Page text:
15 November 2012
The Growth and Infrastructure Bill entered its Committee Stage in the House of Commons on Tuesday (13 November), with Minister for Business and Enterprise Michael Fallon responding to questions on Clause 23: to implement a new status of worker as employee owner.
Employee owners would be given the option of taking between £2,000 and £50,000 of shares in their company, which would not be subject to capital gains tax. But in order to obtain these shares and thus earn part of the profit they help to make, workers would have to give up critical employment rights including the right to claim unfair dismissal should their employer sack them for no reason or be treated unfairly in the event of redundancy.
Faced with difficult questions, the Minister reminded the house the scheme would be “voluntary” and said he simply does not think it is likely businesses would put pressure on workers to take on the offer of giving up the right not to be unfairly dismissed. We do not share his optimism.
There has been broad opposition to the implementation of employee owner status, with several experts pointing out the wide-ranging problems with the proposal for both workers and employers. Indeed, Fallon admitted that a number of respondents to the recent consultation into the proposal had “opposed it and thought that is would be an erosion of rights”.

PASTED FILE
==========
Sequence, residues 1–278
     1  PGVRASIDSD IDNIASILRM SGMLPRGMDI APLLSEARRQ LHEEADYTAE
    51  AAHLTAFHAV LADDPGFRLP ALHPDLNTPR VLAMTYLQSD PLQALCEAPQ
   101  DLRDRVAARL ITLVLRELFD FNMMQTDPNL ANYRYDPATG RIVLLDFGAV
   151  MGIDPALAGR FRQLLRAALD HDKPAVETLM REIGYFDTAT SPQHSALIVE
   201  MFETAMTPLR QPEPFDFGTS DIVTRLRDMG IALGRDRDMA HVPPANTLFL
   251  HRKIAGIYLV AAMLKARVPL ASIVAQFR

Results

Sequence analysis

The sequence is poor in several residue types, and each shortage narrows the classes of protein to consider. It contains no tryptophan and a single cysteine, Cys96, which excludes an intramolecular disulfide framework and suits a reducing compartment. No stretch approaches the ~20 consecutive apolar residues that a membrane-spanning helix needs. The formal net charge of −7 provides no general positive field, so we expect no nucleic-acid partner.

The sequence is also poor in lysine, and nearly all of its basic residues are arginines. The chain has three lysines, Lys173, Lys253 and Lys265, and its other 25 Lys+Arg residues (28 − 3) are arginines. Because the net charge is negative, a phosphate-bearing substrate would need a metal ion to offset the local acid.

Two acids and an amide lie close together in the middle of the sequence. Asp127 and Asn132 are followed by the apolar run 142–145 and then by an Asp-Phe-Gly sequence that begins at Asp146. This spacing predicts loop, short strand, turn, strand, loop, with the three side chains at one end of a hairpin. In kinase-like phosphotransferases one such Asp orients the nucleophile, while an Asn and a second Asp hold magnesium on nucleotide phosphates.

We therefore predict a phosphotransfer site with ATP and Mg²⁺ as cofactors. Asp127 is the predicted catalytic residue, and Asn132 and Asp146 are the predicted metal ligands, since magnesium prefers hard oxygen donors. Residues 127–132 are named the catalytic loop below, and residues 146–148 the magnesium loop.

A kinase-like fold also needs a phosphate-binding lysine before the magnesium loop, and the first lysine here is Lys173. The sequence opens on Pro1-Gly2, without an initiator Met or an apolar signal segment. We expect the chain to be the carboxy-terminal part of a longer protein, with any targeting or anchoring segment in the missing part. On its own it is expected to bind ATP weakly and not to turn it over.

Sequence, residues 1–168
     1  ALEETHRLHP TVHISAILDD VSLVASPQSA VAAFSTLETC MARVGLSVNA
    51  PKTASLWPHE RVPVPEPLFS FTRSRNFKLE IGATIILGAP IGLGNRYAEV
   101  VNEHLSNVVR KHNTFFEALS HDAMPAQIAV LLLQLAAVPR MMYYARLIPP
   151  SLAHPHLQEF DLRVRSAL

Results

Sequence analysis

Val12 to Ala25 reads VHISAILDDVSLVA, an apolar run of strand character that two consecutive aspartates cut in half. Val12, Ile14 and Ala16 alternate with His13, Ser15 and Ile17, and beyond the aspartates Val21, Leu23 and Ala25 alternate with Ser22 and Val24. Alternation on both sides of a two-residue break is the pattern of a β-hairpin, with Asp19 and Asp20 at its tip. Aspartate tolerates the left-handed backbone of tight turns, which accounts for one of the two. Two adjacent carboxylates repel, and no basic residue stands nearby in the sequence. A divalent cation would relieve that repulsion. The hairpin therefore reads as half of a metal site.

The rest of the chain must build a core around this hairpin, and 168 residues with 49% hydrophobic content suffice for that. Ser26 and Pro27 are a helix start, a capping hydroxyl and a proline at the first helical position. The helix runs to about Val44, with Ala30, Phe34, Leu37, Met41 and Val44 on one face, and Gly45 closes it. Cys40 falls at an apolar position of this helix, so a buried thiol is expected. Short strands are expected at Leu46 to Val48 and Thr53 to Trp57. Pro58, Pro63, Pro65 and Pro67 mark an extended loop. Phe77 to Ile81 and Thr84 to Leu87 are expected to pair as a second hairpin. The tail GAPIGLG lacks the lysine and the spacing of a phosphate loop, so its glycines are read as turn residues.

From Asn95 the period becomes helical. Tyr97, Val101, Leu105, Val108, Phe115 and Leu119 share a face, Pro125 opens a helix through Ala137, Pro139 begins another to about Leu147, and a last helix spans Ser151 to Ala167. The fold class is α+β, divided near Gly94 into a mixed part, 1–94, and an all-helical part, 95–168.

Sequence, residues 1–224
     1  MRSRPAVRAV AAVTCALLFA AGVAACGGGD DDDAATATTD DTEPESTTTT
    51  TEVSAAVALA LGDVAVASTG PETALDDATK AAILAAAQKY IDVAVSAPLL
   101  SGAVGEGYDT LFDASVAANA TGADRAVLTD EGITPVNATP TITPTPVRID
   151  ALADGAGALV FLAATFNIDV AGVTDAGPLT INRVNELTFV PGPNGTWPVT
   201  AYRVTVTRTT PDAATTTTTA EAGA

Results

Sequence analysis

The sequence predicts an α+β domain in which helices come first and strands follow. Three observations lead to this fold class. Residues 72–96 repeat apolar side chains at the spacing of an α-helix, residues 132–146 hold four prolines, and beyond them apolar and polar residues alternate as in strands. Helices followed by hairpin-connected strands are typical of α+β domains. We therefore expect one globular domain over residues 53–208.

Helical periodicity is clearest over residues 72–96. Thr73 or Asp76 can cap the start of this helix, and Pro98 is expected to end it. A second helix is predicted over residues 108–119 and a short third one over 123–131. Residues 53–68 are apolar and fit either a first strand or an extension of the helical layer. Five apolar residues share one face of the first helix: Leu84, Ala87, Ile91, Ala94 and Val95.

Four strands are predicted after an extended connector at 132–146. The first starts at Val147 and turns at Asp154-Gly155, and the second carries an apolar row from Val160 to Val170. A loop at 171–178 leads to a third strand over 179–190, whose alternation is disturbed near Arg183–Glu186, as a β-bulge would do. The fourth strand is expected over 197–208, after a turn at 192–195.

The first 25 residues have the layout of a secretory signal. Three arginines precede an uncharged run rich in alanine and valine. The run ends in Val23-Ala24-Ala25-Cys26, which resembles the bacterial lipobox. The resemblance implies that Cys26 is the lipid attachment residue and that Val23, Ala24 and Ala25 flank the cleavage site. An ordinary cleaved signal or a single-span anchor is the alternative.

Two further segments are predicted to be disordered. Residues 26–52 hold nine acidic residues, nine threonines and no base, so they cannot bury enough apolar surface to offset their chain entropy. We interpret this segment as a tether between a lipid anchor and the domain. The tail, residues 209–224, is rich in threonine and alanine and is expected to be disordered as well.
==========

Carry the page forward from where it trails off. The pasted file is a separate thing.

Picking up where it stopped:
He attempted to play down this opposition by stating that becoming an employee owner would be “entirely voluntary”, but Liberal Democrat MP for Hazel Grove, Andrew Stunell, raised his concerns about whether workers would have any real ability to turn down such an offer from their employers. Fallon responded that he found it “unlikely” a company would set up an employee ownership scheme and then put pressure on workers to accept it.
What of the fact the clause is already being discussed in parliament before an impact assessment has been completed and all consultation responses have been taken into account? Ian Murray, Labour MP for Edinburgh South, asked Fallon whether the Clause would be withdrawn from the Bill if it was found to be widely opposed. This question was left somewhat conspicuously unanswered by Fallon, who simply reminded the House that the scheme would be voluntary and the results of the consultation are as yet unknown.
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